Est 5 min read
Confession: My sex life is soooo much better since I have healed my relationship with food and body.
I wanted to talk about this because most of my clients are not satisfied with their sex lives, and feeling like they're not getting enough pleasure and satisfaction in their lives. An enjoyable sex life seems so far away for some people.
I was blessed to have always been relatively neutral about sex in terms of not having a lot of shame or feeling stigma around it (if you do, you might want to consider getting support to work through it). Still, I was really not satisfied in my sex life for most of my life. And it was hugely impacted by my food and body image issues.
There were long periods of time when I was not feeling good about my body, and even though I have a relatively high sex drive, I did not want to be touched by my partner. I didn't feel confident in my body’s appearance. It was tough for me to relax and enjoy sex and receive pleasure. I was also malnourished and wasn't getting enough food so I didn't have much energy for sex. I wasn't feeling very frisky or in the mood. I was also so preoccupied with food, my body, dieting, and just obsessing about all of that. Sex and pleasure took a backburner and were not a priority. I also stayed in relationships that weren’t ideal, and didn't know how to ask for what I wanted, another aspect of not trusting myself or listening to what my intuition was telling me.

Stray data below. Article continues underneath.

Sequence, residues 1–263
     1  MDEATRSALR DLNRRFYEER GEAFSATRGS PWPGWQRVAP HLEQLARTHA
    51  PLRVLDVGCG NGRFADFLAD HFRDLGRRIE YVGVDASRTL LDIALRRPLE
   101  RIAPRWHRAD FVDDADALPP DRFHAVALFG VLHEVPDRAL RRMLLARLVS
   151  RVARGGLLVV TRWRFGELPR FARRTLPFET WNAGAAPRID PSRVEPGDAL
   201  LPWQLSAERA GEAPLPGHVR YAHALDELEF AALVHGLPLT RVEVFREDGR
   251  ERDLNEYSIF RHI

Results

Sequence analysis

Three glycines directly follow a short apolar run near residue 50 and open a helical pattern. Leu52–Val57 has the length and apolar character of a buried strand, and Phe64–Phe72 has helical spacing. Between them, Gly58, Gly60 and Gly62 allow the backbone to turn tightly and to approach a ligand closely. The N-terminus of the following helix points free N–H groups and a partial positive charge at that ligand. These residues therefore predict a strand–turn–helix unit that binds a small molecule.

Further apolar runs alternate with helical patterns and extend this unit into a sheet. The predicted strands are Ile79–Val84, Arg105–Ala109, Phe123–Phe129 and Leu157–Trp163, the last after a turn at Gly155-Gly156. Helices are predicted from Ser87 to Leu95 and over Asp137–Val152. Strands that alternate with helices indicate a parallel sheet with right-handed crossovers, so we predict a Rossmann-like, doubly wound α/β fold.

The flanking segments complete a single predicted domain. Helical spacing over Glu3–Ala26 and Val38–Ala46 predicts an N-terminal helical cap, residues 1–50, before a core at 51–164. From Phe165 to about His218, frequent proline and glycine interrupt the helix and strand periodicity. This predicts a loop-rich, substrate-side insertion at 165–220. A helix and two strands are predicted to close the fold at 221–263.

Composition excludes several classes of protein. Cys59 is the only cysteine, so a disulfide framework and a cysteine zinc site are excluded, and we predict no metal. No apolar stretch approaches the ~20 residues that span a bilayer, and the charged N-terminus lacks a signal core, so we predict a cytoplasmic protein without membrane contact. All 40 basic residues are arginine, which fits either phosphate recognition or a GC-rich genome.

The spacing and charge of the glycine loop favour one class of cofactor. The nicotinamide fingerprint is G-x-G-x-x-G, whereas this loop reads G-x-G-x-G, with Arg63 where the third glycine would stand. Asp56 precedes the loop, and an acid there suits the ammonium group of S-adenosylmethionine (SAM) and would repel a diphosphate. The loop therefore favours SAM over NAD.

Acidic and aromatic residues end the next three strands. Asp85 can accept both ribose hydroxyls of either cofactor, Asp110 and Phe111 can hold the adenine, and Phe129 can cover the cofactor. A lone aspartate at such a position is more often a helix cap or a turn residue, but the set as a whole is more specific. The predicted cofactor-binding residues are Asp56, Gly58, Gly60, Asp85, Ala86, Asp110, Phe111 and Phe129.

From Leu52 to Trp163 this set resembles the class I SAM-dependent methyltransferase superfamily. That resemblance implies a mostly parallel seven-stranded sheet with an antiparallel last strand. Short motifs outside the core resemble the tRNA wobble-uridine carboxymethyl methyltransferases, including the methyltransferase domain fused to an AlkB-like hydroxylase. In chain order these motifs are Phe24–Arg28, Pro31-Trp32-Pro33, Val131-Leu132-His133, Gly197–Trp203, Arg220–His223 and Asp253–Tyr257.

Now, I've healed my relationship with food; I eat in a way that feels easeful and brings me joy, satisfaction, pleasure, feels nurturing, and nourishing. I feel comfortable in my body; I'm attuned to my body. I honor the sensations, signals, messages, and emotions that are present for me. I care for myself on a deep level.
How has the healing I’ve done impacted my sex life?
Est 5 min read
Did you know there is a link between substance/alcohol use disorder and eating disorders?
NationalEatingdisorders.org says that up to 50% of the time, individuals with eating disorders use alcohol or illicit drugs, and that's a rate that's five times higher than the general population. The flip side of that is up to 35% of people who are dependent on alcohol or substances (people who have substance use disorders), also have eating disorders. That's a rate that's 11 times greater than the general population.
What does this statistic tell us? People who have disordered eating or an eating disorder tend to struggle more with substance use disorder, and people who have substance use disorder tend to struggle more with food challenges. I've absolutely seen this in my practice, I would say probably 80% of the people who work with me are also in recovery from alcohol or substance use disorder.
For many of my clients, after they got sober or began recovery from alcohol and substance use disorder, they struggled a lot more with food. Most often, when we dig into it, we find that their food challenges started way before their issues with alcohol and substances. Often, they flipped between the two. For some people, it was happening at the same time. They would be drinking a lot then their eating became more problematic, either more restrictive or more binge episodes, whatever the case, may be.